Obama To Netanyahu: I May Allow UN Support For Arabs

Neil Munro White House Correspondent
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White House spokesman Josh Earnest suggested March 20 that the United States would not veto a future anti-Israel resolution by the United Nations Security Council.

“What he’s pointing to is a [diplomatic] campaign underway… where the Palestinians have been going to the United Nations to declare a state unilaterally,” said Jonathan Schanzer, vice president for research.

So far, “the United States has shot it down,” Schanzer said.

The United States has chosen to block U.N. involvement in the Arab vs. Israel fight because it prefers the Israeli government and local Arab leaders negotiate a peace deal that creates two independent states, Earnest said at the midday press conference.

But, he said, “what has now changed… [is that Israeli Prime Minister Bibi Netanyahu] has indicated that they’re not committed to that approach any more.”

“If that’s the case, it means we need to rethink what our approach is going to be,” Earnest said.

If Obama refuses to use the U.S. veto, the security council could declare the Arab territories alongside Israel to be an independent state, complete with an army.

But “the Palestinians are not prepared [and soon] would be at war with Israel,” Schanzer predicted. A new Arab state “would be a recipe for conflict, for just a whole chain of events,” he said, partly because the Palestinian Arabs are already divided into two rival armed groups.

“I don’t know what [Obama] is doing… it is incredibly difficult for me to understand what the strategy is,” Schanzer said. “Part of it is personal [but it also] appears to be an attempt to punish the Israeli public for putting Netanyahu back into power again,” said Schanzer.

But Obama’s pressure on Netanyahu also serves to weaken Netanyahu’s strong public objections to Obama’s pending strategic deal with Iran. That deal would leave Iran’s Israel-hating Islamic theocracy with the funding, ability and legal right to build a large force of nuclear weapons by as early as 2025.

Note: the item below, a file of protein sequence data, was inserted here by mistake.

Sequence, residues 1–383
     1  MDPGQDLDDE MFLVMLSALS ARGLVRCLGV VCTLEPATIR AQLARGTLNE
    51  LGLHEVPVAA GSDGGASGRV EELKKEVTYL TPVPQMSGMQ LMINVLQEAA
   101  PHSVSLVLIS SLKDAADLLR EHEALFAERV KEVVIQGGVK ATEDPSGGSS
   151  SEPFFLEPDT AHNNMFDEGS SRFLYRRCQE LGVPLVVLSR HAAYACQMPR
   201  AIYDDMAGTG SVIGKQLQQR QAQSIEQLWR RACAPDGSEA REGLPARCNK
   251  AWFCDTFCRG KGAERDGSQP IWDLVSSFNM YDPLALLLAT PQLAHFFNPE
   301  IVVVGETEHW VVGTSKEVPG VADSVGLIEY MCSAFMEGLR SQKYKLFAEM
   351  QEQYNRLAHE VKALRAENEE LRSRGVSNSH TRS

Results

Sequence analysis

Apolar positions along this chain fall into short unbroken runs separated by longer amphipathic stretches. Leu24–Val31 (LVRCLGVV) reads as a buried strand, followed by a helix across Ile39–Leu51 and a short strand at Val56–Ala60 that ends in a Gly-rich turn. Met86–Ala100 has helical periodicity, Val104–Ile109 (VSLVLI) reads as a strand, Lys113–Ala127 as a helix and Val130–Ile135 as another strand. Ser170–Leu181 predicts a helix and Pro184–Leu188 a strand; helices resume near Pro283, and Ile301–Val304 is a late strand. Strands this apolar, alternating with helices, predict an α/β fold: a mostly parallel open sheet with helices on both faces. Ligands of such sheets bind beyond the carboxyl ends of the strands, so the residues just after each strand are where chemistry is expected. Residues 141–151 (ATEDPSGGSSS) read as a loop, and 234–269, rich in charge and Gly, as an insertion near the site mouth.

Netanyahu won the March 17 election victory by overwhelming an Obama-backed coalition of left-wing parties and Arab political parties.

Obama’s deputies and their allied progressives claim that Netanyahu tainted his win by reversing his prior support for a peace deal with local Arabs.

But Netanyahu has repeatedly denied any change in Israeli policy. “I haven’t changed my policy,” Netanyahu said March 17 interview on MSNBC.

“I want a sustainable, peaceful two-state solution, but for that, [current] circumstances have to change.. To make it achievable, then you have to have real negotiations with people who are committed to peace,” he said. Currently, Israel’s neighbors in Lebanon, Syria and Egypt are battling jihadi groups, including the Islamic State, Hezbollah and Hamas.

Earnest, however, repeatedly cast doubt on Netanyahu’s conditional support for a two-state deal.

“Words matter,” he declared March 20. “When the Israeli Prime Minister just days before an election, when the world is watching, comes out and makes a promise indicating that a Palestinian state will not be created as long as he’s prime minister, that, I think, raises obvious doubts about his commitment,” Earnest said.

Obama, too, isn’t crediting Netanyahu’s professions of support for a two-state deal. In a March 19 telephone call with Netanyahu, Obama didn’t raise the issue, Earnest suggested March 20. “That was not the result of the call,” Earnest said.

The White House’s claim that Netanyahu has walked away from the two-state plan is based on a pre-election interview that Netanyahu gave to an Israeli media outlet.

“If you are prime minister, a Palestinian state will not be established,” the Israeli reporter asked.

“Correct,” Netanyahu said, before adding “I think that anyone who is going to establish a Palestinian state today and evacuate lands is giving attack grounds to the radical Islam against the State of Israel. Anyone who ignores this is sticking his head in the sand.”

Netanyahu’s explanation — complete with the word “today” — are being ignored by progressives. For example, a March 20 article by the New York Times simply omits Netanyahu’s comments after “correct.”

Since the 1970s, many U.S. leaders have tried and failed to negotiate a peace deal between Arabs and Israelis. But no peace deal can work until the Arabs who sign the peace deal are willing to kill Arabs who want to break the peace deal.

Currently, no Arab government has the military and ideological power to enforce a peace deal on other Arabs. That’s party because any deal would require Arabs to recognize Israel as legitimate state on territory once ruled by defunct Muslim theocracies.

The Arab governments don’t have the power to suppress opposition because Jews and Israel are hated by many Arabs who feel humiliated by repeated military defeats which contradict the Koran’s repeated claims that Jews are “the worst of creatures.

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